Video 19 Oct 9,331 notes
Video 19 Oct 2,447 notes

anaggressivenature:

Doctor Who - Flatline 

(S08E09)

Quote 19 Oct 2,945 notes
If we think of the douchebag as a social identity as much as an accusation, as a subject with a distinctive persona locatable within the categories of race, class, gender and sexuality, then we find that the term carries a remarkably precise definition.
 
The douchebag is someone — overwhelmingly white, rich, heterosexual males — who insist upon, nay, demand their white male privilege in every possible set and setting.
 
The douchebag is always a white guy. But he is more than that. The douchebag is the demanding 1%, and the far more numerically significant class of white, heterosexist men who ape and aspire to be them. Wall Street guys are douchebags to be sure, but so is anyone looking to cash in on his white male privilege.
 
This narrowness of categorization — perhaps unique in the history of America’s rich history of racial and sexual slurs — is what makes the word douchebag such a potentially useful political tool.
— 

Douchebag: The White Racial Slur We’ve All Been Waiting For — Medium

This is a great, interesting, insightful, long read.

(via wilwheaton)
Photo 18 Oct 937 notes neil-gaiman:

House
NEIL GAIMAN
illustration by ALLEN WILLIAMS

Presenting “House,” an original poem by Neil Gaiman in celebration of National Poetry Month on Tor.com, acquired for Tor.com by consulting editor Ellen Datlow.


“House”
Sometimes I think it’s like I live in a big giant head on a hilltopmade of papier mache, a big giant head of my own head.I polish the eyes which would be windows, ormow the lawn, I mean this is my house we’re talking about hereeven if it is a big giant papier mache head that looks just like mine.And people who go past in cars or buses or see the house the head on the hill from trains they think the house is me.I’ll be sleeping there, or polishing the eyes, or weeding the lawn, but no-one will see me, no-one would look. And no-one would ever come. And if I waved no-one even knows it was me waving.They’d all be looking in the wrong place, at the head on the hill.
I can see your house from here.



http://www.tor.com/stories/2013/04/house-neil-gaiman

neil-gaiman:

House

illustration by ALLEN WILLIAMS

Presenting “House,” an original poem by Neil Gaiman in celebration of National Poetry Month on Tor.com, acquired for Tor.com by consulting editor Ellen Datlow.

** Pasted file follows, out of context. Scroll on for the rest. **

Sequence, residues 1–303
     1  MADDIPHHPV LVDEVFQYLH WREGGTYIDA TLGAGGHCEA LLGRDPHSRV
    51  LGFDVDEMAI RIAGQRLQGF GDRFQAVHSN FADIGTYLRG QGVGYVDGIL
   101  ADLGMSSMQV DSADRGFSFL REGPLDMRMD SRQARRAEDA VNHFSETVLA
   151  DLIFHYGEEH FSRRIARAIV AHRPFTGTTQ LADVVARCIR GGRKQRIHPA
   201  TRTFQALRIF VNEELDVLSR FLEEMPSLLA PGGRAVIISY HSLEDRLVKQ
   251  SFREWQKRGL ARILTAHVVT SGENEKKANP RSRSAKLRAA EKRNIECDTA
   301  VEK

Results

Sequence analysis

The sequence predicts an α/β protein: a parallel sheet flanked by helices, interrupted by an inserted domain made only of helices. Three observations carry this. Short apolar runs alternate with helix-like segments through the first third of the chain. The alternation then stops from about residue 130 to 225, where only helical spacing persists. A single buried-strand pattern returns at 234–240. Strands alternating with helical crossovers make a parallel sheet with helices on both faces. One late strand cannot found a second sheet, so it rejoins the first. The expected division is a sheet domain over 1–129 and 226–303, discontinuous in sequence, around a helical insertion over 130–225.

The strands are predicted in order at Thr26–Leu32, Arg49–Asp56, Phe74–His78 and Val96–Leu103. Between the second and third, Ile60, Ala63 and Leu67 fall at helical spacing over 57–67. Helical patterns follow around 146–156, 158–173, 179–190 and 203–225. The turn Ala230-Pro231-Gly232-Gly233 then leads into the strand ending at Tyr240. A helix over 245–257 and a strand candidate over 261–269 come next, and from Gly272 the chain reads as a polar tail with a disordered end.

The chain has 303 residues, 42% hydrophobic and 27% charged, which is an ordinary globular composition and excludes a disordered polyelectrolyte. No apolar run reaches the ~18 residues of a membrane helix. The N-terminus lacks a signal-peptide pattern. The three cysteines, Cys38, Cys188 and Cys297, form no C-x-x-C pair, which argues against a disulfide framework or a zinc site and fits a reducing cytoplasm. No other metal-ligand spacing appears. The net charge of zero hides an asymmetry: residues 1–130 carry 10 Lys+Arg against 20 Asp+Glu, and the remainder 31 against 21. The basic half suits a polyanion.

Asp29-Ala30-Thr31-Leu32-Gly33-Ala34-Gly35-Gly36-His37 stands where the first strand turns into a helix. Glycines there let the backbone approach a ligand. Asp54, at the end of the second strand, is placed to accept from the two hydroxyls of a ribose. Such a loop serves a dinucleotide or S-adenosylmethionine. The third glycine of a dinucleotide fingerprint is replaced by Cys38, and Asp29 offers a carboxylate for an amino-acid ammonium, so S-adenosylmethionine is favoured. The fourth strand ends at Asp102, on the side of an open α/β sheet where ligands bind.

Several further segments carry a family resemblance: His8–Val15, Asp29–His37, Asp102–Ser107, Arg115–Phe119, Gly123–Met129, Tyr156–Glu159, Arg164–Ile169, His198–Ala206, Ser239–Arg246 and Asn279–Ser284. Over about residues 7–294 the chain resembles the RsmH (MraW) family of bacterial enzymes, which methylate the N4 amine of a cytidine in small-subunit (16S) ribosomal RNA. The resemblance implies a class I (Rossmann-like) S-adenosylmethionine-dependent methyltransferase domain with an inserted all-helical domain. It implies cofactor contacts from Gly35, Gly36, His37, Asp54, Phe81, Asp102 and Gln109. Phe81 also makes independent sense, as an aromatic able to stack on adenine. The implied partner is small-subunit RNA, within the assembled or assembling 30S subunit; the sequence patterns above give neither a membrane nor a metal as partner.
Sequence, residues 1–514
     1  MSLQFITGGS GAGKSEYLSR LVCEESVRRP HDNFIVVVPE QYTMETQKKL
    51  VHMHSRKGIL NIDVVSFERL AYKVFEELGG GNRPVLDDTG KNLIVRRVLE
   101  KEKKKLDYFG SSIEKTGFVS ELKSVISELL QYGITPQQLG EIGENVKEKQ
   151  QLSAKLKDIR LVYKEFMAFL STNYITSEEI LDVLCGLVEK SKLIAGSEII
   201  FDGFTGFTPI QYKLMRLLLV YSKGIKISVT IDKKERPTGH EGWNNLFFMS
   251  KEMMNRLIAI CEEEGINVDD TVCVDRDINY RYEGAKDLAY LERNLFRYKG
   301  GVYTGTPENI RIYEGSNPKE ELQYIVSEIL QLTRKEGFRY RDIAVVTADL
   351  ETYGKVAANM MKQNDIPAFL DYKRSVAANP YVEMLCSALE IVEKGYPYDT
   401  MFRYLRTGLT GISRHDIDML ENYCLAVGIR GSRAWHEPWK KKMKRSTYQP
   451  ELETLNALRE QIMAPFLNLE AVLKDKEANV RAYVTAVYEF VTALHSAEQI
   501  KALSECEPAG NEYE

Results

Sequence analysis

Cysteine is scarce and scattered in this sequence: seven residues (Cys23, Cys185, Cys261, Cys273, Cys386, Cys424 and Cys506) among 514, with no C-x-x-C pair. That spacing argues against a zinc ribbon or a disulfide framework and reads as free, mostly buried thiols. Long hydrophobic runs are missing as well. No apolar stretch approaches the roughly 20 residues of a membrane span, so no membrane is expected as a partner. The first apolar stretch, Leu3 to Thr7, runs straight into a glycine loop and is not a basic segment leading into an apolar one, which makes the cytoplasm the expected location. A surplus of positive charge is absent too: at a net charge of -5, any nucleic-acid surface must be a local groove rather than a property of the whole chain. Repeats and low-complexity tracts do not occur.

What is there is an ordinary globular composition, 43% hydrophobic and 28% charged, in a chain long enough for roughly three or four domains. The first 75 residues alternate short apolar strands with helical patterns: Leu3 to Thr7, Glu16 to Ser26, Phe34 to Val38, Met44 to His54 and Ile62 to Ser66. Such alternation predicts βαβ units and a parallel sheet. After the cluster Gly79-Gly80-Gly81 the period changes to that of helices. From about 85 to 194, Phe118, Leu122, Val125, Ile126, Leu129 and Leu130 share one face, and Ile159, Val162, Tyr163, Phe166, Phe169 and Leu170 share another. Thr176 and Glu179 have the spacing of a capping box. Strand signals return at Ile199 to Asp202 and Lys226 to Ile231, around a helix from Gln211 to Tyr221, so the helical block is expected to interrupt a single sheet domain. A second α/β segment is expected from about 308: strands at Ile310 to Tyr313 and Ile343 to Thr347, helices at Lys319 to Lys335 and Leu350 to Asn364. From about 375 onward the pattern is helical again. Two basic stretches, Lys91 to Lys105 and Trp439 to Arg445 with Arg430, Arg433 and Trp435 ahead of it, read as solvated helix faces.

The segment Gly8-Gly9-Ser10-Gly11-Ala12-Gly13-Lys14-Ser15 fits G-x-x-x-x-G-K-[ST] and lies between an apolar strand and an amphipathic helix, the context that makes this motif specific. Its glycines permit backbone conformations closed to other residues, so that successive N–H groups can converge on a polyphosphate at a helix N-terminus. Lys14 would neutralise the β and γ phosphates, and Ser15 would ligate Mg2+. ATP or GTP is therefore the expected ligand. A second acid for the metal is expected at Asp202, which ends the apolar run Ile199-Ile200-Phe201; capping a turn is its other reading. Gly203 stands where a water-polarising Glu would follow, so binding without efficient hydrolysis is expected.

“House”

Sometimes I think it’s like I live in a big giant head on a hilltop
made of papier mache, a big giant head of my own head.
I polish the eyes which would be windows, or
mow the lawn, I mean this is my house we’re talking about here
even if it is a big giant papier mache head that looks just like mine.
And people who go past 
in cars or buses or see the house the head on the hill from trains 
they think the house is me.
I’ll be sleeping there, or polishing the eyes, or weeding the lawn, 
but no-one will see me, no-one would look. 
And no-one would ever come. And if I waved no-one even knows it was me waving.
They’d all be looking in the wrong place, at the head on the hill.

I can see your house from here.

http://www.tor.com/stories/2013/04/house-neil-gaiman

Video 18 Oct 439 notes

(Source: saintcaffeinated)

Quote 17 Oct 2,801 notes
When a local government’s very existence depends on its citizens breaking the law — when fines from ordinance violations are written into city budgets for the upcoming year as a primary or even the main expected source of revenue — the relationship between the government and the governed is not one of public officials serving their constituents, but of preying off of them. When the primary mission of a police department isn’t to protect citizens but to extract money from them, and when the cops themselves don’t look like, live near or have much in common with the people from whom they’re extracting that money, you get cops who start to see the people they’re supposed to be serving not as citizens with rights, but as potential sources of revenue, as lawbreakers to be caught. The residents of these towns then see cops not as public servants drawn from their own community to enforce the laws and keep the peace, but as outsiders brought in to harass them, whose salaries are drawn from that harassment. The same goes for the judges and prosecutors, who also rarely live in the towns that employ them.
Video 17 Oct 115 notes
Photo 16 Oct 351 notes rockofeternity:

the Killing Joke — Brian Bolland

rockofeternity:

the Killing Joke — Brian Bolland

Video 16 Oct 42,251 notes

thetrekkiehasthephonebox:

doctorwho:

Star Trek references/shout-outs/homages in Doctor Who

In terms of longest running sci-fi universes, it’s nice to be able to acknowledge a younger show every now and then.

I kind of feel like Star Trek and Doctor Who are cousins or something.

Video 14 Oct 168 notes

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